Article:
The second is the top of the housing itself, the mode dial is smooth and the cold shoe is top quality as it was the fix s100.

The cold shoe is robust and takes easily not only adapters for 1/2″ loc-line but also 3/4″ which is great.

Finally as it was on the fix housing the bottom of the housing has got two zinc plates to act as cathodes and avoid corrosion.

There are other two incredible plus points of the Nauticam housing:

  • the moisture alarm, I don’t recall seeing one for a compact but the Nauticam has got it and it works as well
  • The housing has an M67 thread that allows you to mount lenses without adapters

Personally I don’t like M67 wide angle options for the RX100 as those are heavy lenses in water however if you already have them than you are sorted.

What about the Ikelite housing? Ikelite had issues of sticky buttons with the Canon S100 so for the Rx100 they have gone back to a large form factor. Personally I don’t believe a polycarbonate housing of such size is very appealing however if money is lacking this is the only choice at the bottom. It does not come anywhere near the quality and features of Nauticam or Recsea.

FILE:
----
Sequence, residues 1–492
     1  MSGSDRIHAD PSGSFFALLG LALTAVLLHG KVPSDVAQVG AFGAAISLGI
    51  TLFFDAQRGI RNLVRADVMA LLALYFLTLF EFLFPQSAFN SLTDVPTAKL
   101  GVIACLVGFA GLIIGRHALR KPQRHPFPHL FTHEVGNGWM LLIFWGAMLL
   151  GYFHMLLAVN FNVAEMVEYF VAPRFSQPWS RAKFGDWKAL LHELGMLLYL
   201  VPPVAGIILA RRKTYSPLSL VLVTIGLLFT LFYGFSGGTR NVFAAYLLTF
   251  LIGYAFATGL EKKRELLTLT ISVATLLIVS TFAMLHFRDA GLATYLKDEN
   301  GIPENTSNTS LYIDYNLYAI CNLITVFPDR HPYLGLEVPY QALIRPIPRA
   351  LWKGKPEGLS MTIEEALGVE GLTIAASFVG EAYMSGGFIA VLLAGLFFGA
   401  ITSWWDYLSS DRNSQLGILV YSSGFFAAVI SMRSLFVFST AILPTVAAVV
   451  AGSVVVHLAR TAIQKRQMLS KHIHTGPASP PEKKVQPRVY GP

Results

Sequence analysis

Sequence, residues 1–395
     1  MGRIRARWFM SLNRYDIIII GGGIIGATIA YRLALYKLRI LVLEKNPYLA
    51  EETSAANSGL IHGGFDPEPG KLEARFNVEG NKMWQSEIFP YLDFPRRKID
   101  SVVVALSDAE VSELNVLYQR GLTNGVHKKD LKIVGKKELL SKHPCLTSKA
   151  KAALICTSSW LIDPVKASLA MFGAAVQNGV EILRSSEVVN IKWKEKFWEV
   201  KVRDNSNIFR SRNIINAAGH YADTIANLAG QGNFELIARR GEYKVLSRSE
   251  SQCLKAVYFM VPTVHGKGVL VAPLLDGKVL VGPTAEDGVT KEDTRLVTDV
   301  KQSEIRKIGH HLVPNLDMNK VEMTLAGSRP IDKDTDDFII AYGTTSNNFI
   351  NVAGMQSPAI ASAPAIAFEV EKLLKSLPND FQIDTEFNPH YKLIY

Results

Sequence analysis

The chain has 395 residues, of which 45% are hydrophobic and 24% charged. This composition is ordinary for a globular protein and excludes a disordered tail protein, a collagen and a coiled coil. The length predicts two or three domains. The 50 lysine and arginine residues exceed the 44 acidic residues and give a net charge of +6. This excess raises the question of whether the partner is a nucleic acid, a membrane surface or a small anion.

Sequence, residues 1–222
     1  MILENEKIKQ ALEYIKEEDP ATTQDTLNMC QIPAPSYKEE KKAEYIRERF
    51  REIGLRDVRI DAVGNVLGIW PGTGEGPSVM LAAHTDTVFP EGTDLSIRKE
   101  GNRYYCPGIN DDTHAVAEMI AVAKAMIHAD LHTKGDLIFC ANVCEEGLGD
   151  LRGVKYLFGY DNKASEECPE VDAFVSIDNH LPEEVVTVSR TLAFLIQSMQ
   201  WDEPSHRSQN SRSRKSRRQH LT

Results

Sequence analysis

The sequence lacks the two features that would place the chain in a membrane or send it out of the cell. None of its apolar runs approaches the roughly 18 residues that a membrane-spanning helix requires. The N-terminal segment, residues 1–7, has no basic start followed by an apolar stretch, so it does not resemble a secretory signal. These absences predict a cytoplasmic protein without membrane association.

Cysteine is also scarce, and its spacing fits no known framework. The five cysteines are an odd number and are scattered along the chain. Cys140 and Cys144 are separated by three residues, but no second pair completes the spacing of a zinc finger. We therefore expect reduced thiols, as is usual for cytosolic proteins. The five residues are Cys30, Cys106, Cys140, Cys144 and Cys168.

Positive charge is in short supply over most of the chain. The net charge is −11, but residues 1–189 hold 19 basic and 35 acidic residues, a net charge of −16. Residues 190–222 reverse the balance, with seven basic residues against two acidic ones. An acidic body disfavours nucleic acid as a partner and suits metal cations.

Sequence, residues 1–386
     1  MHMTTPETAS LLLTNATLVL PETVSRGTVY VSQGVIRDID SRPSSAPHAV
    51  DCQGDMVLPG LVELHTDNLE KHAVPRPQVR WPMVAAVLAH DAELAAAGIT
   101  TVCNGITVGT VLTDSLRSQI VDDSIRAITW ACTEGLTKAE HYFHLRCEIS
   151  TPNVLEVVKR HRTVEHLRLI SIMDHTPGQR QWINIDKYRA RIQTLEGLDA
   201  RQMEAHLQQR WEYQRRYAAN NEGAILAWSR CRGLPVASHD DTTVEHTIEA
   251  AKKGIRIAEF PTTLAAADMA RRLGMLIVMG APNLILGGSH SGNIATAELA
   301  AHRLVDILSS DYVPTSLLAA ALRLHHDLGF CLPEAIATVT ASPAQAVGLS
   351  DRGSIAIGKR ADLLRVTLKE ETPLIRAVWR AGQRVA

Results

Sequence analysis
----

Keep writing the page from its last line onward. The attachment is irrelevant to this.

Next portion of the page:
There is also another housing from Patima that has just been released, I have just seen the pictures and  it does not look particularly attractive, the closing latch looks ancient,  the rear section has button and dials too close and the control ring control placed on top of the camera is just unpractical. It is priced at source at $699 so 27% cheaper than the Nauticam, but this comes at a price: there are plenty of design shortcuts that may create usage issues underwater.

In conclusion the Nauticam I believe offers the best quality and value for money for the RX100, with the exception of the front ring being operated in a traditional mode I don’t see any faults with this set up and I would recommend it for both video and stills, if you don’t have that amount of money and you want to use your RX100 just for video then the Ikelite is worth a try, but not if you want to use the camera also for stills. Nothing specific to Ikelite but transparent housing give too many issues with strobes to even bother.